A Pocket of Resistance: Another “F…” Story, Perhaps the Best

As with the other two “F…” stories, sensitive folks may want to  consider whether they read it or not because, as it was proven in a previous post, sometimes the “F” word is the only thing that can be used in a situation.

As i was writing my previous post on the use of the “F…” word — i kept thinking of one last story on the subject, recognizing i needed the originator of the story to okay my using it here.

Last week, i got his approval.

Maureen and i stayed with our close friends, JD and Mary Lou Waits, in their great home in the Tahitian Village development outside of Bastrop, Texas. They were wonderful hosts.

In 1982, JD and i moved from his apartment in the Oakwood complex in Coronado and his boat slip on Harbor Island and from my rather remarkable apartment on 8th and E in Coronado to 72 Antigua Court in the Coronado Cays (visiting ten-year old daughter Blythe approved of the move). The second floor condo patio looked down on our boat slip where JD’s 25-foot Cal sailboat was berthed.

It was the perfect bachelor pad for a single commander and a single CWO-4 aviation maintenance officer. It was September 1982. In December, JD became engaged to his former wife, Mary Lou, and in February 1983, i became engaged to Maureen. The Waits were married in the rotunda meeting room on a small peninsula across from our condo. i was the best man and Maureen was the maid of honor. The four of us were the complete wedding party. There were about fifty guests. Maureen and i married that summer. JD’s and my assessment: we really screwed up a great thing.

We all hit it off. JD and i were known by our wardroom on USS Okinawa (LHA-3) as the “Booze Brothers,” a takeoff on John Belushi’s and Dan Ackroyd’s “Blues Brothers.” JD made Maureen laugh nearly non-stop. Mary Lou was the perfect foil for JD’s and my play off each other into absurdity.

It was and still is a great relationship. This is JD’s story as close as i can remember:

JD was raised in Houston. His father, the original John David Waits and his mother, Wanda Pearl ran a diner known for some of the best barbecue in Houston. One of the frequent customers knew Mr. Waits was a huge fan of Spike Jones, the band leader of the absurd with a network television show. When the patron learned Spike was performing in Houston, he gave John David three tickets to the show.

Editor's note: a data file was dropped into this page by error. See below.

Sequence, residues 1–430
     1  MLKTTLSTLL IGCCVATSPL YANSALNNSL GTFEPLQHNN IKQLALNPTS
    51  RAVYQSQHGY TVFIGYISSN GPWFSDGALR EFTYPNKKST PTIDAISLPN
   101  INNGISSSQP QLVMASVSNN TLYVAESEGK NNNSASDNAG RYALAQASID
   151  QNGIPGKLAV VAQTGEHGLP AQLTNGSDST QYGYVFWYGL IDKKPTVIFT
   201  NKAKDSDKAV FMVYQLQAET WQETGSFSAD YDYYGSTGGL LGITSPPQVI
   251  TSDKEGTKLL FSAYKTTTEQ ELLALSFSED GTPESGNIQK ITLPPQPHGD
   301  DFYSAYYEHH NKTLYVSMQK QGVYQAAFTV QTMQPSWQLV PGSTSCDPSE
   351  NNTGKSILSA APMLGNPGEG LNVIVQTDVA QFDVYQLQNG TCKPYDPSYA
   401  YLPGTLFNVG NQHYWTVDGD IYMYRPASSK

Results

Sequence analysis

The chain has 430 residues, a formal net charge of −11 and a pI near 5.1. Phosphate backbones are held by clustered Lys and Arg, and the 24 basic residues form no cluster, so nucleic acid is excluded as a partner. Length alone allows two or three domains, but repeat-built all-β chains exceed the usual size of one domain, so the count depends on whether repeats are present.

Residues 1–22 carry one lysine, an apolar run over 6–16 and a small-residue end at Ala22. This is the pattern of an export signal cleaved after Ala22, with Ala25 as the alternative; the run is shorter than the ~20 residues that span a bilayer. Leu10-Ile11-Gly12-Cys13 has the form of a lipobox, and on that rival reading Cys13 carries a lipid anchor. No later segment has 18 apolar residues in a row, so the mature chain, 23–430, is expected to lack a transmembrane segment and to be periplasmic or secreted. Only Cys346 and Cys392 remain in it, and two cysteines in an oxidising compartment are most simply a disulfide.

JD’s father planned out the evening in detail. He left almost an hour earlier than necessary to get to the theater. When Wanda Pearl wondered why, her husband explained his plan was to get there early for good parking and ensuring they would be there long before the performance began. He wanted to see all of his admired Spike Jones.

As if from a scene (without snow) from “A Christmas Story,” after beginning their journey to downtown Houston, a tire blew. It took Mr. Waits a significant time to replace the tire with the spare, but when he got back in the driver’s seat, he assured Wanda Pearl they had plenty of time to get to the show. Then as they got to downtown, the barrier bars to the railroad crossing lowered, and a very long freight train took over a half-hour to clear the crossing.

It was getting a bit tight, but Mr. Waits was calm, sure they would make it in time.

When they arrived at the venue, the parking lot was now full, not empty as it would have been had they gotten there as early as Mr. Waits planned.

They had to park at the very back of the lot and walk a long walk to the entrance.

Hot and exasperated, they entered the theater with the show having started, and Spike Jones doing his crazy stuff. With his flashlight, the usher escorted the Waits trio to the third row and then hurriedly scrambled back to his post.

The threesome then began to stumble and quiety apologize to the other attendees as they made their way to their seats in the middle of the row.

Spike stopped his routine and snidely remarked to them through his microphone, “Glad you could make it.”

Wanda and JD quickly took their seats. But Mr. John David Waits, fed up to the gills with all that had happened, still standing, slowly turned to face the band leader and said loud enough for all to hear:

“Fuck you, Spike!”

The entire crowd gasped. A silence ensued for a few seconds before Spike turned and directed the band to start the next number.

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